The Truth that answers the deep questions of life: Who are we? Who are we meant to be? Where will we find lasting happiness? These are huge questions, and it would be too daunting an endeavor to face on one's own. Luckily, we don't have to. In fact, I don't think we could answer these questions on our own. In the words of St. Thomas Aquinas: "There is nothing on this earth more to be prized than true friendship." As humans, we find ourselves and discover who we are in community. The Truth we are pursuing is so much larger than ourselves and our isolated, individual opinions. We have to pursue it together. And we have done so over these four years at Providence College: through engaging with authors of past centuries and even millennia in our CIV classes, through exploring questions with the guidance of professors and mentors, through late-night conversations with friends. The Truth isn't something that can be consigned to a textbook -- it is too effusive and abundant and liberating for that. The Truth is something that is only illuminated through love, through the living witness of those who have been beacons in our search for authentic happiness.
Which brings us across the Ruane archway to the second quotation: "The Love that moves the sun and the other stars." Here Dante is speaking of the celestial Divine love; but I think the love of the friendships formed at PC partakes of a quality of this Divine charity. Precisely because we have shared our pursuit of the Truth which is larger than ourselves, the friendships formed at PC have both been so transformative and will be so lasting. Think back to our first year of CIV, reading Aristotle's Nicomachean Ethics. There, with the wisdom of the ancients, Aristotle wrote about three different types of friendship. There are friendships we form for the sake of pleasure, just because we enjoy spending time together. There are also friendships we form for some benefit they give us, because we know that our friends will help us in some way. And then there are virtue friendships -- friendships that are grounded on something deeper, the cultivating of virtue, the pursuit of excellence, the road to sanctity. I love spending time with my friends -- we have a blast together. And my friends have benefited me in countless ways. One that immediately comes to mind is listening to me practice this speech ad nauseam -- and still promising to clap at the end. But the thing I am most grateful for is the way in which my friends -- roommates, classmates, professors and mentors --have formed me into who I am and have challenged me to become who I am meant to be.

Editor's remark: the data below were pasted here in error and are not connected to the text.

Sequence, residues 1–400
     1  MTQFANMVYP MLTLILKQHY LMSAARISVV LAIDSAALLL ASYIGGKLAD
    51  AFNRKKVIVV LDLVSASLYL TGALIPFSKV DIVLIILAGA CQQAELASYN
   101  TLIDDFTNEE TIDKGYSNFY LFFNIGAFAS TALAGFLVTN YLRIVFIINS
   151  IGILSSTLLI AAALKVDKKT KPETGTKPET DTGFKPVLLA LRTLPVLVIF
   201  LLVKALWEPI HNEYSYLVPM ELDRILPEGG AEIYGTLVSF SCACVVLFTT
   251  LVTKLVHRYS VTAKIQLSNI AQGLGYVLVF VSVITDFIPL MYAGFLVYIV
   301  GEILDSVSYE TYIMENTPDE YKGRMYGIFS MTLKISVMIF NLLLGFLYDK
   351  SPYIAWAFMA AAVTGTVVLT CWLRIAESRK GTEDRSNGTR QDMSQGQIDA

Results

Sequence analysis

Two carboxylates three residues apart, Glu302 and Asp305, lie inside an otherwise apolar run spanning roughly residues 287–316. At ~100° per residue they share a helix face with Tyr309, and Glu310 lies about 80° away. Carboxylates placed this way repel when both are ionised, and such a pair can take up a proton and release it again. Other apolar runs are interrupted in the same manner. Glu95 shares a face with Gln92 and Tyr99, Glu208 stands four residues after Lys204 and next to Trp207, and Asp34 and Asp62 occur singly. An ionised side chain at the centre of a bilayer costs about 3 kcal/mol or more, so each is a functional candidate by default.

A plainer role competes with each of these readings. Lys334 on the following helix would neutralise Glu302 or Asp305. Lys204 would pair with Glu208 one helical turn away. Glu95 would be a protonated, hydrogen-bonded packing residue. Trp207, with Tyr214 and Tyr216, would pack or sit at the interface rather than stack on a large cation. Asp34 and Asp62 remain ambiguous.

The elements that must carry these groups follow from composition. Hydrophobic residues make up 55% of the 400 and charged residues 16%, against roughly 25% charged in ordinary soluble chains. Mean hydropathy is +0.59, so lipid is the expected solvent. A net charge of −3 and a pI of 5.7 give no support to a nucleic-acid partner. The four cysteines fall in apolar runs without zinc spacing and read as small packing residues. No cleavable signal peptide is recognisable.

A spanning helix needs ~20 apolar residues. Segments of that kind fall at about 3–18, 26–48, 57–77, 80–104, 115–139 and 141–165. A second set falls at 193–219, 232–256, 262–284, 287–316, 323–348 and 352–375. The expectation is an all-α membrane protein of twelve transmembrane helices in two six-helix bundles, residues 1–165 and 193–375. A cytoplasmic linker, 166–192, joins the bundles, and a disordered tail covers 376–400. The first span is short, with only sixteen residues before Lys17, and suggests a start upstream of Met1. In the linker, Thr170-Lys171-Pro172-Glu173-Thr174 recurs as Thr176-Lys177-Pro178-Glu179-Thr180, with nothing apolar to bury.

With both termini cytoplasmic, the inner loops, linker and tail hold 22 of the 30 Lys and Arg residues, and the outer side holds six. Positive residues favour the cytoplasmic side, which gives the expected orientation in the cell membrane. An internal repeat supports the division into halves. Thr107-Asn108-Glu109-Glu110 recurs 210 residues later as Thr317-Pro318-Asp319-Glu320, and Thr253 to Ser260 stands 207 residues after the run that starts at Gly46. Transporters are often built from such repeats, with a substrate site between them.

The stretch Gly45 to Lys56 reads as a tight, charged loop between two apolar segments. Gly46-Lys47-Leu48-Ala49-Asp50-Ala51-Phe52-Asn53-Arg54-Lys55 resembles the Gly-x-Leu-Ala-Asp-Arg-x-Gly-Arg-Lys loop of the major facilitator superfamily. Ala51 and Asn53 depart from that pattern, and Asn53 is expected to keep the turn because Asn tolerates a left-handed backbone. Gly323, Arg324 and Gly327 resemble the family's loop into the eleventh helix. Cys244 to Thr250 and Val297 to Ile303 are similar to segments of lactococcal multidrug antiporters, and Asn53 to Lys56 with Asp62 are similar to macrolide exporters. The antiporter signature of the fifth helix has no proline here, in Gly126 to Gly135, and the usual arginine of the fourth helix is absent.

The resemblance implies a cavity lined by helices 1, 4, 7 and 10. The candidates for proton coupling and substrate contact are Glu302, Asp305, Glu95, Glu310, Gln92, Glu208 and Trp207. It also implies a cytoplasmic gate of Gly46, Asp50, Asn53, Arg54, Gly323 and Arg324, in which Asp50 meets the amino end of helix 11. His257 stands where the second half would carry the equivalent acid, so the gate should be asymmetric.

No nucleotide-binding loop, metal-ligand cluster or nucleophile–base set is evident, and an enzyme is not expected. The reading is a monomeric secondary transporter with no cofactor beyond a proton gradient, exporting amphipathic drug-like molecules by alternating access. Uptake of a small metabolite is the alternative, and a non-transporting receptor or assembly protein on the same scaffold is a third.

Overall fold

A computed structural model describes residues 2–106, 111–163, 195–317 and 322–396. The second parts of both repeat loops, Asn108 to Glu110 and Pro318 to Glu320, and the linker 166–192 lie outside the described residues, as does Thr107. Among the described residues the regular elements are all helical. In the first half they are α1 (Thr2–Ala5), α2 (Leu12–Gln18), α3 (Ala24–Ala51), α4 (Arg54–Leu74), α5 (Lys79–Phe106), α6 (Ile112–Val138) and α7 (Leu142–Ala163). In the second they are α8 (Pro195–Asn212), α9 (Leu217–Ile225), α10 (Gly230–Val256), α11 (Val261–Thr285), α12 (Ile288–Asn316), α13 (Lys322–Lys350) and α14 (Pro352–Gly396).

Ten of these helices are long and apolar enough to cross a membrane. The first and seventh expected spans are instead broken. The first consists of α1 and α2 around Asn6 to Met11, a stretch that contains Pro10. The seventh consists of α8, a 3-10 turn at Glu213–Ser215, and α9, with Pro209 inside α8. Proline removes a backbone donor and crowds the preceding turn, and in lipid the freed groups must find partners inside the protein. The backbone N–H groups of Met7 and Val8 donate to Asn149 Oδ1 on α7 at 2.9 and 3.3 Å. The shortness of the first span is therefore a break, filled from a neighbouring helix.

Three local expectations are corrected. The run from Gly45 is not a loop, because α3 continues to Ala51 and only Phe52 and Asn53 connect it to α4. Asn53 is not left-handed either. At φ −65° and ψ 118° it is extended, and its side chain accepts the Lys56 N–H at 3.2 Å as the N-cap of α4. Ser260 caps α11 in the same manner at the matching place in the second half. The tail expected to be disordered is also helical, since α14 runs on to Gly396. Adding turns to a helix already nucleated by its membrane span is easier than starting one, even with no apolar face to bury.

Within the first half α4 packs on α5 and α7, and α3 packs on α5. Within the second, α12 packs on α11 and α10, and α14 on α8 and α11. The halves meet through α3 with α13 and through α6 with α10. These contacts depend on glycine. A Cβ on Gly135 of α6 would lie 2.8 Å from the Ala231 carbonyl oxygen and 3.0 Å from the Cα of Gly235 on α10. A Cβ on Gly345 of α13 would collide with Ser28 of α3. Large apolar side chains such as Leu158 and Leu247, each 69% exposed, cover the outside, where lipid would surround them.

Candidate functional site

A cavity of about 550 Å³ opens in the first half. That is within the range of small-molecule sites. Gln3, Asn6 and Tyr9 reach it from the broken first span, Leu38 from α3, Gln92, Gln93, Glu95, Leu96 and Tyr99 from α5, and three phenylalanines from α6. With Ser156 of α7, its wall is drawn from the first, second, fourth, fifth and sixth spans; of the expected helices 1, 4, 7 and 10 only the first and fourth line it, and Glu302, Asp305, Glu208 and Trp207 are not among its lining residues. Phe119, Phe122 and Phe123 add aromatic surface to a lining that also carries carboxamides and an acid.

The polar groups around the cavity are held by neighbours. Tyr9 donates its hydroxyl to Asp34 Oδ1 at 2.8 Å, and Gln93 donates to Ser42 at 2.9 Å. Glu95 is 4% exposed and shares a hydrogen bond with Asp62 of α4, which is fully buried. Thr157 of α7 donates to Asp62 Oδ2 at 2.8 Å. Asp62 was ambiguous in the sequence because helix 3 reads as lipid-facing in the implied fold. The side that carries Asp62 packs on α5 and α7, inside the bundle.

Truth without love would be inhuman and would miss a crucial aspect of our identities; but love without truth would also lose its substance, and would disintegrate into sentimentality. We need the truth to challenge us to continue to be transformed, and the love to shape and guide this transformation. As we leave Providence College and go out to embrace the next step of the adventure that God has in store for our lives, we'd do well to imitate those two little boys skipping down the sidewalk to Ruane: keep your curiosity aflame, keep exploring the world with the joyful wonder of the child, always walking under the two banners that have shaped our time at Providence College: Truth and Love. Let us go forth from PC lovingly bearing the torch of Veritas, witnessing with charity to the light of the Truth wherever our lives will take us.
May God bless you all. Thank you.